Craig Shares: Fight or Flight?
Posted October 11, 2010on:
This post is written by guest blogger Craig Stevenson. Craig and I “met” through the on-line support group Covert-S. His comments appeared on a threaded discussion last week, and I loved his insight and honesty and asked him to share his piece here. Craig is from Idaho and manages two recycling plants.
To me, the old saying, “you can run but you can’t hide”, may be true, but serves no purpose. I think managing stuttering is different for men than women. I went to school with the same kids for ten years. I got teased in school all the time. One kid in Earth Science class teased me so much we finally fought it out. I had been afraid of him for years. My first punch bloodied his nose and the fight was over just that fast, and he never teased me again.
There were many more fights, some I lost, some I won. I got in a lot of trouble for some! I do not condone or recommend violence as a solution to managing stuttering, but gently to suggest boys will be boys and sometimes without any other support, fighting happens. I know there are different ways of facing our stutter.
The worst part for me was getting in a shoving match between first and second periods and agreeing to settle it after school and having to go through the rest of the day thinking and worrying about what the outcome would be. Not wanting to get in trouble for fighting, we always did it after school, thinking no one would notice a black eye the next day.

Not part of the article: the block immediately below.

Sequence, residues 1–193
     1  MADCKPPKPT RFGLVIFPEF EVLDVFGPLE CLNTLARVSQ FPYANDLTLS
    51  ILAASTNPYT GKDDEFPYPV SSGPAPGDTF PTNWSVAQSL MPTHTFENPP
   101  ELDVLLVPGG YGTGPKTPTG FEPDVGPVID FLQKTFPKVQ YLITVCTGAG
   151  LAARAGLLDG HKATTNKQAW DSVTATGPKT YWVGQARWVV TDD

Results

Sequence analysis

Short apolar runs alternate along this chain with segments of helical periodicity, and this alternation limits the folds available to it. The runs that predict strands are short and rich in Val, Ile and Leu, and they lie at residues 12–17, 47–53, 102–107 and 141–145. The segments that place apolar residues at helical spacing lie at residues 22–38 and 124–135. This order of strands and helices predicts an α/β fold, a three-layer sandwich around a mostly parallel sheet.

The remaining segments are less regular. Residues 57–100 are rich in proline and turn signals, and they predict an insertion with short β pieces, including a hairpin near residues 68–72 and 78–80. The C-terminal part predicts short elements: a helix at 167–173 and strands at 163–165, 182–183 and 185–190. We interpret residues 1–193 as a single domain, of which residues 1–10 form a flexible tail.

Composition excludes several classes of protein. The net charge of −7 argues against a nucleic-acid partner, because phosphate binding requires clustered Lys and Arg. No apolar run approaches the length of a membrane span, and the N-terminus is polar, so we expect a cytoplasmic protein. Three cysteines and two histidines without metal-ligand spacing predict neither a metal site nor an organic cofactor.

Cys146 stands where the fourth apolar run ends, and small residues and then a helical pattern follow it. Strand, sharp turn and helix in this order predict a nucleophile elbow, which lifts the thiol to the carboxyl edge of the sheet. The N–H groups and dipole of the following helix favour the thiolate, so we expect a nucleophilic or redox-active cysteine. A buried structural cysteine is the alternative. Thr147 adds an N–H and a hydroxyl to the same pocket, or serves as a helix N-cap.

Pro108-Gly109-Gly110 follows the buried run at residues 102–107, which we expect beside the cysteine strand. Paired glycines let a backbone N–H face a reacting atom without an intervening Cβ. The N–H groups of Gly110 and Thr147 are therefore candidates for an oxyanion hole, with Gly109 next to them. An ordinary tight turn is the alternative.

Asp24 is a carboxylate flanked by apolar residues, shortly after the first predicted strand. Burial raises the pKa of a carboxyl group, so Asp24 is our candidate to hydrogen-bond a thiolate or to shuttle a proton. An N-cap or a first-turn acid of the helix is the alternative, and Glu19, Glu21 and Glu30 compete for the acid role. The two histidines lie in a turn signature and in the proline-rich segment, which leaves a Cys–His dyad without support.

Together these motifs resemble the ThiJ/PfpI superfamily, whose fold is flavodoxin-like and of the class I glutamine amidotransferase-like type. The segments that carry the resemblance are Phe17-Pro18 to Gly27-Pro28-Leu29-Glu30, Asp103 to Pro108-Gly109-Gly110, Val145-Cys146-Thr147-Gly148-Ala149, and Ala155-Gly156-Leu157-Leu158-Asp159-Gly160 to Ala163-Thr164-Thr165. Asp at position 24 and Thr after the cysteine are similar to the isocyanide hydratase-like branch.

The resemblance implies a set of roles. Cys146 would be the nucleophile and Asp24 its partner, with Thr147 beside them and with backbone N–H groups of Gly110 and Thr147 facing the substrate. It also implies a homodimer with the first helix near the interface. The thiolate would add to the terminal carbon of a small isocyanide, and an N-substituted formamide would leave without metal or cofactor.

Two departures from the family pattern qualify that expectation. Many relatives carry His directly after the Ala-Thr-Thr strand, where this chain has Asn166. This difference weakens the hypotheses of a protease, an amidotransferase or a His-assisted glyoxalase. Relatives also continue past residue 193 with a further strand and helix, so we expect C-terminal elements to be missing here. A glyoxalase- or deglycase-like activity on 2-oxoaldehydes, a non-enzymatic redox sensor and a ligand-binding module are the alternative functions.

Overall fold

For me, I learned a fight is a fight and a cousin taught me that in a fight, if you don’t throw the first punch you’ve missed half the fight. I think what he was trying to say was “meet it head on right then and there.” I never started a fight and I never ran from one either and whether I took a beating or gave one, I always felt better after. I almost always cried whether I won or lost, and I can’t remember anyone I did not become fast friends with after.
I think at some point in your life you have to make friends with your stutter. Every time you run from it, it wins. I think the way you make friends with your stuttering is to meet it head on. Some days it kicks your butt and some days you kick its butt, right? It doesn’t really matter who wins as much as knowing the fight is essential.
To put it bluntly, I would rather be dead then spend the rest of my waking moments, days and years, wondering about when I was going to die. I spent my youth hiding and I regret every day I did. The “wait till your father gets home” was much worse than what father did when he did get home. I think waiting and hoping we don’t stutter is so much worse and painful than the stutter itself is, and the really sad part is, we do it to ourselves.
Some days you’re the windshield and some days you’re the bug. But, you have to keep the windshield clean if you want to miss more bugs. I got an old green tea-shirt from a past NSA convention from Judy Kuster. It’s dark green and on the front in big white letters it say’s “I STUTTER SO WHAT?” You don’t have to wear it (although it’s a great idea), but I think it does say the right thing about how we should FEEL about our stutter.
Don’t waste time trying not to stutter! Don’t feel bad or afraid of it when you do meet stuttering head on. For me, learning how to control my fear of stuttering did more for me than trying to stop the stutter.
Please feel free to leave any messages or comments for Craig here. Thanks for sharing with us Craig!